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Re: “Turf Wars and Philosophical Divisions in Ohio City ... Again

I was not misquoted and Sam described the thrust of the comments I made correctly.
"Naysayer" was however used by me to refer not to development but to the form that it has taken in one neighborhood.
"Density" as a principle is the idea that increased population fosters stores, public transport, and improvements in neighborhoods that would not otherwise be possible with a smaller population.
But that is the case for all neighborhoods. In other cities the permission to build or convert in one neighborhood is tied to development in other areas. Or to development that follows a plan that speaks to more than the class of people who can afford 1,200 mo. for a one bedroom apartment (a sign at Edge 32, a new high rise on West 32nd st.) Or five times that for larger spaces in that building.
Most of the grassy lots of Sam's childhood had houses on them before "Ohio City" existed.
Turning those and other spaces over to developers who, perhaps legitimately from their perspective, are going for maximum return on their money rather than planning what would be of a more general benefit to both this neighborhood and to the entire city is short sighted and not to the advantage of one neighborhood or generally to my city, Cleveland.

7 likes, 7 dislikes
Posted by donttakelifesoserious on 10/11/2017 at 12:26 PM

Re: “The Beachland's Waterloo

Above I said that the Near West Theater was central to the W. 65th revival. That theater is supposed to move to the area soon, joining the institution I meant to credit for the neighborhood revival, the Cleveland Public Theater the multi decade pioneer and base institution for the W. 65th revival.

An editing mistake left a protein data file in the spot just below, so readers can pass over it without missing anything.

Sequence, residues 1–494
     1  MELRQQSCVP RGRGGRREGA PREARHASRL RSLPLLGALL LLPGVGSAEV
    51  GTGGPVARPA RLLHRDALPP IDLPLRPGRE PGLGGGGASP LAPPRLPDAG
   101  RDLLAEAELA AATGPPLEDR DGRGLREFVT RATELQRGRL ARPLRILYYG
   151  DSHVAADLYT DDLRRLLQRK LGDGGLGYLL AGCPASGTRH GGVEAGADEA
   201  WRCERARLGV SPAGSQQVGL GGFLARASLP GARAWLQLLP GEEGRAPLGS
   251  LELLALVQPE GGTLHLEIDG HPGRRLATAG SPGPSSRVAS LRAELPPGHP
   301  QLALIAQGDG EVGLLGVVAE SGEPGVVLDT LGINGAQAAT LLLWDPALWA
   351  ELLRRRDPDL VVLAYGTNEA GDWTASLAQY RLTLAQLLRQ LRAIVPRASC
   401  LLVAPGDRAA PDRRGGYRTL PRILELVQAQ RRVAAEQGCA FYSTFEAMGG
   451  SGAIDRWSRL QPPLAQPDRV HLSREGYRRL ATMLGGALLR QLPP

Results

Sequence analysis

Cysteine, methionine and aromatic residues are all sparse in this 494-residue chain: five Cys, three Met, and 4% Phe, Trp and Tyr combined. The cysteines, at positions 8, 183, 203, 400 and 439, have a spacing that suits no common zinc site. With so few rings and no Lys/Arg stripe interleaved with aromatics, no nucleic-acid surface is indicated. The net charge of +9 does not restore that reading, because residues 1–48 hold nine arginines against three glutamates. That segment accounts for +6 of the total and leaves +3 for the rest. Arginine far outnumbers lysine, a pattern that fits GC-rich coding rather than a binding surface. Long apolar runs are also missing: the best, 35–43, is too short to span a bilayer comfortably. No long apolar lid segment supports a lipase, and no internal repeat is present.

If you feel strongly about this issue go to the Beachland website and sign their petition to city leaders. It's a little hard to find, but noodle around & you'll see it.

Posted by donttakelifesoserious on 08/21/2011 at 1:06 AM

Re: “The Beachland's Waterloo

I live in the Near West Side, renamed by developers, Ohio City. Dozens of businesses have opened and closed here over my 40 years. Because the name businesses are mostly bars and restaurants there was little multiplier effect until recently. Now actual retail business are starting to take hold. Why? Hard to say, but it has taken 40 years.
Contrast that to the W. 65th area where one institution, Near West Theater has acted as an anchor for business, shops, a movie theater, good affordable housing, trendy bars & eateries. Did the preexistence of Ohio City help? Sure. But the dynamic was very different.
Waterloo/Collinwood is similar to W. 65th. One institution sparked general development. You remove that spark however and there is little to continue the flowering. I go to Beachland, look at shops, have eaten there, but would never have visited without the Ballroom. And I am a Clevelander. If I were still young I might have moved there for the same reasons that I came to the Near West Side decades ago.
Want to kill the city? Force out the sparks that make people want to live & visit here.

2 likes, 0 dislikes
Posted by donttakelifesoserious on 08/17/2011 at 1:08 PM


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